Taiwan will appoint central bank governor Perng Fai-Nan to a fourth five-year term in a vote of confidence for his currency-stabilizing policies amid closer ties with China and as the export-dependent economy recovers.
Perng, 74, will stay on as governor of the Central Bank of the Republic of China (Taiwan) after his current term expires at the end of February, Fan-Chiang Tai-chi, a presidential office spokesman, said yesterday.
The re-appointment comes as President Ma Ying-jeou acts to strengthen an economy that grew in 2012 at the slowest pace since the 2009 global recession. Perng, who enjoys bipartisan support, has promoted order in the island’s currency market and overseen the start of offshore yuan business in Taiwan. Perng was appointed in February 1998 by President Lee Teng-hui after Governor Sheu Yuan-dong died in an airplane crash.
“Perng’s re-appointment is a big help in maintaining stability in Taiwan’s financial environment,” Tsung-Sheng Liu, president of Yuanta Securities Investment Trust Co., Taiwan’s biggest money manager, said by phone. “Now that the uncertainty is gone before the Lunar New Year holiday, we’re bullish about Taiwan stocks.”
Taiwan’s benchmark stock index, the Taiex, has risen 2 percent this year, compared with a 1.21 percent gain in the MSCI Emerging Markets index. Taiwan stocks have advanced 8.1 percent over the past six months.
The re-appointment may help allay concerns about greater fluctuations in the island’s currency. Policy makers warned on Jan. 29 they may step into the foreign-exchange market after the Taiwan dollar reached a four-year high against the yen on Jan. 28, hurting exporters.
The island’s currency has gained about 10 percent against its U.S. counterpart under Perng’s 15 years at the helm. This past week, Taiwan dollar weakened 1.4 percent to NT$29.668 against the greenback, according to Taipei Forex Inc. That’s the biggest five-day loss since September 2011.
Morris Chang, chairman of Taiwan Semiconductor Manufacturing Co., the world’s biggest contract manufacturer of chips, said at a forum Jan. 11 that the government should let the Taiwan dollar depreciate further to aid competitiveness, according to a Formosa Television report.
Taiwan’s central bankers have held interest rates steady for six straight meetings since June 2011 as the export-dependent economy struggled with weakened demand for its electronic goods.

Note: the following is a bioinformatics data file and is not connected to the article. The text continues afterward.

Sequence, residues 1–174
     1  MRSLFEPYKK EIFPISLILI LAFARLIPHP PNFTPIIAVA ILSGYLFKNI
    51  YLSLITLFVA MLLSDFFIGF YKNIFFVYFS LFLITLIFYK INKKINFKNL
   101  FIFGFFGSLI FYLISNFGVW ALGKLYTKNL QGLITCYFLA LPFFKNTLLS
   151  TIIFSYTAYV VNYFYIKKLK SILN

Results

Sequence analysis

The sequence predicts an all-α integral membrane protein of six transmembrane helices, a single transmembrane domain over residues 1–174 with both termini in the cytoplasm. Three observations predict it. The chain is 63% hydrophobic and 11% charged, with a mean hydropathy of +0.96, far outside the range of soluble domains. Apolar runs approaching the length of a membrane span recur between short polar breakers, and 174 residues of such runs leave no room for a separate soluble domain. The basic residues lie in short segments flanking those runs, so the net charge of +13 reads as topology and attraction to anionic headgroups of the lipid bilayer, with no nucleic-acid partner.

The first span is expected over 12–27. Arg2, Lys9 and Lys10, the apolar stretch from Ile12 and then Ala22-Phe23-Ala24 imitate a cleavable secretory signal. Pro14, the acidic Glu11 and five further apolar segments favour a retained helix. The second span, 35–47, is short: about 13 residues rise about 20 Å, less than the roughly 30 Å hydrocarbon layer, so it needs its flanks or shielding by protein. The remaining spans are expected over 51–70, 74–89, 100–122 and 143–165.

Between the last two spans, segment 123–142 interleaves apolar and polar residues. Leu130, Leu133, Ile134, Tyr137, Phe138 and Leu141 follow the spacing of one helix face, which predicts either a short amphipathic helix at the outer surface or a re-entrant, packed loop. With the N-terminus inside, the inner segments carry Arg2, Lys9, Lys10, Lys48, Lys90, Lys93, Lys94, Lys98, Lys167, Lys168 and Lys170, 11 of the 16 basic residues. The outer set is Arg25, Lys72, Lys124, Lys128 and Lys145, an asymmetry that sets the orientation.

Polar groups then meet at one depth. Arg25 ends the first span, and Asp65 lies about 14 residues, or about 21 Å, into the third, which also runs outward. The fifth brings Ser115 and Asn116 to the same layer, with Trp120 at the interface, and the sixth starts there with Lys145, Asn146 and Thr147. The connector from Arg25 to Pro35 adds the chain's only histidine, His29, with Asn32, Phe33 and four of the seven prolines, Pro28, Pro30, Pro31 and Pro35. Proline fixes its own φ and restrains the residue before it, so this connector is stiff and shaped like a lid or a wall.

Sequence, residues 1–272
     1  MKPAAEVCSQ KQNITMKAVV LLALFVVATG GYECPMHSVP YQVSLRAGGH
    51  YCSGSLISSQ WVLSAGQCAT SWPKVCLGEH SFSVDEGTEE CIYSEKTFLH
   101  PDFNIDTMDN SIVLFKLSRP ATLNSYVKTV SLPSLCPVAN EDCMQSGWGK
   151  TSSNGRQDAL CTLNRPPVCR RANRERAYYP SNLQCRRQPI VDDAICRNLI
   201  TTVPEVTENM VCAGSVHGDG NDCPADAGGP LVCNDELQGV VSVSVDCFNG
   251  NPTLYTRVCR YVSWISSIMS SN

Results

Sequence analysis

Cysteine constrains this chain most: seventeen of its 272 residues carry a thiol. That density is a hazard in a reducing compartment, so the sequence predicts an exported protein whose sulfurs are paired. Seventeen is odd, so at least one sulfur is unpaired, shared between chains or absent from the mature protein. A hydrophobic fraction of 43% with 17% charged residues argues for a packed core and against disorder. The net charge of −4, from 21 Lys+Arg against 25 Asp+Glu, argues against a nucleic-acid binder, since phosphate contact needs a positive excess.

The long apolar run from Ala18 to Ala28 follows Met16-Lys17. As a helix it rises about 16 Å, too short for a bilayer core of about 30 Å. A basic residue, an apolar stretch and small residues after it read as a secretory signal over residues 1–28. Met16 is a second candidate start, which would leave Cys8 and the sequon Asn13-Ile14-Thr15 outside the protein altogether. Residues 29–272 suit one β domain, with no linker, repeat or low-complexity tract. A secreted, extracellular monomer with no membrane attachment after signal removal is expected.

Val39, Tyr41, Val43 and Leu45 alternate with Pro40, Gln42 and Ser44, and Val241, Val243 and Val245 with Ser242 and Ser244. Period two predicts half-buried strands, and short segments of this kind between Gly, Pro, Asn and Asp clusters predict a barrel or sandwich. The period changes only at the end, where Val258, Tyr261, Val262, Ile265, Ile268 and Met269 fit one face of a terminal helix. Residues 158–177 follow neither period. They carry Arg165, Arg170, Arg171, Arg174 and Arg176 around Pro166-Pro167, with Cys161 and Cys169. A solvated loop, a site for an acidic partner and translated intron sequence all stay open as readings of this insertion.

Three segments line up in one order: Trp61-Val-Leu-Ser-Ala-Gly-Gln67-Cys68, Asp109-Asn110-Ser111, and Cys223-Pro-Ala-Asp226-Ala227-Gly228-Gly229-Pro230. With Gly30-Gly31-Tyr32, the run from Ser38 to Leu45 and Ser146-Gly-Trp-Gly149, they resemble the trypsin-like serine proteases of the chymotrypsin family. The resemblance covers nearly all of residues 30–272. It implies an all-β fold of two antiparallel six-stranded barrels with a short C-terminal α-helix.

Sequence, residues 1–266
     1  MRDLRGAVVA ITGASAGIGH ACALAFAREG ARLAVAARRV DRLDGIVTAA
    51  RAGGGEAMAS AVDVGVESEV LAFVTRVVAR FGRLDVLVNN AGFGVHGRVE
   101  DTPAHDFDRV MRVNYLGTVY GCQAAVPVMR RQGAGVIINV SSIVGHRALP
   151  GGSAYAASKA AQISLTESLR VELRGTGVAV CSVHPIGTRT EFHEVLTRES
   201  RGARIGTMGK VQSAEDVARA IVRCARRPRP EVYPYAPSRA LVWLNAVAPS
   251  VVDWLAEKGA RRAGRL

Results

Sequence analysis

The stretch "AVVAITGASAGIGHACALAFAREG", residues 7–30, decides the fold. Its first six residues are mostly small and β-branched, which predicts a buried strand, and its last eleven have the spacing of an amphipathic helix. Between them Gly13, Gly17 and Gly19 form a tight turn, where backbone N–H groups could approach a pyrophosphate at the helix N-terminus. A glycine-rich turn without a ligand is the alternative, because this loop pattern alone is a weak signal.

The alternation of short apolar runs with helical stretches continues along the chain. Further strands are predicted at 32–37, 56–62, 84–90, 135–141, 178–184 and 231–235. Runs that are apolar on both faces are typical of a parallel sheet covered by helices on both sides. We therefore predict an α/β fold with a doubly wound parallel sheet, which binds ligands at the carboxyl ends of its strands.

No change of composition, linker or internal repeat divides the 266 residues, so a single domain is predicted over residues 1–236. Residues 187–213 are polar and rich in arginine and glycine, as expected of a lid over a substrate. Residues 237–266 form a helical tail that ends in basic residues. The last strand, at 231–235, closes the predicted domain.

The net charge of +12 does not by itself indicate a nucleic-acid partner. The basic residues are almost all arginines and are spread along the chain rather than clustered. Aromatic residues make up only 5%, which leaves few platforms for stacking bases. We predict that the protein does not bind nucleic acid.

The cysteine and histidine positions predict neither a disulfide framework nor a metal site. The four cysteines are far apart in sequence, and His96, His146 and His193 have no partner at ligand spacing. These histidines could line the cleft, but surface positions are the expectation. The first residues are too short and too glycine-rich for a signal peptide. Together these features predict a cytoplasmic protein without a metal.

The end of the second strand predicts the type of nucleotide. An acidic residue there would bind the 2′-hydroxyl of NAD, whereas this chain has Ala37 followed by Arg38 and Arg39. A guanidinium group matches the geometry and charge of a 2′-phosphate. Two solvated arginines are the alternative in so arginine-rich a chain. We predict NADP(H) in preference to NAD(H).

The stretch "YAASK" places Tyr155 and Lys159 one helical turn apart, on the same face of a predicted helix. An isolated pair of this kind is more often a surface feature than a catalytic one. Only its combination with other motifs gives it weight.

In the fourth quarter of 2012, gross domestic product rose 3.42 percent from a year earlier, compared with a 0.98 percent pace in the previous three-month period. Exports account for more than two-thirds of Taiwan’s economy and almost 30 percent of shipments go to China, government data shows.
Taiwan’s export orders, an indicator of shipments in the next one to three months, rose 8.5 percent from a year earlier in December, after an 11.1 percent gain reported for November, the Ministry of Economic Affairs said on Jan. 21.
Perng, who holds a doctorate in law from the University of Minnesota, helped guide Taiwan’s lenders through the aftermath of the 1997-1998 financial crisis in Asia, in part by cutting of reserve requirements for banks to deal with bad loans.
Next term, Perng’s needs to enact an agreement with the People’s Bank of China to allow offshore yuan clearing and trading on the island. Mainland China’s official Xinhua News Agency said on Jan. 31 that Taiwan lenders can start taking deposits and making loans in China’s currency as soon as Feb. 6.
In December, Perng told inquiring lawmakers that the governor’s position “will be my last public job.” He is the longest-serving central bank governor among Asian economies tracked by Bloomberg. Malaysia’s Zeti Akhtar Aziz, who took charge in May 2000, comes next.
Perng, Zeti, Amando Tetangco of the Philippines, Glenn Stevens of Australia and Israel’s Stanley Fischer received “A” grades in Global Finance magazine’s annual ranking of the world’s central bankers last year. They were rated higher than Federal Reserve Chairman Ben Bernanke and the European Central Bank’s Mario Draghi.
Perng “has an incredible record of pre-empting crisis and reassuring the markets,” Wai Ho Leong, a Singapore-based economist at Barclays Plc, said before the announcement. “He’s done an excellent job of managing the growth-inflation trade-off and has maintained systemic stability. He’s also very well-regarded internationally.”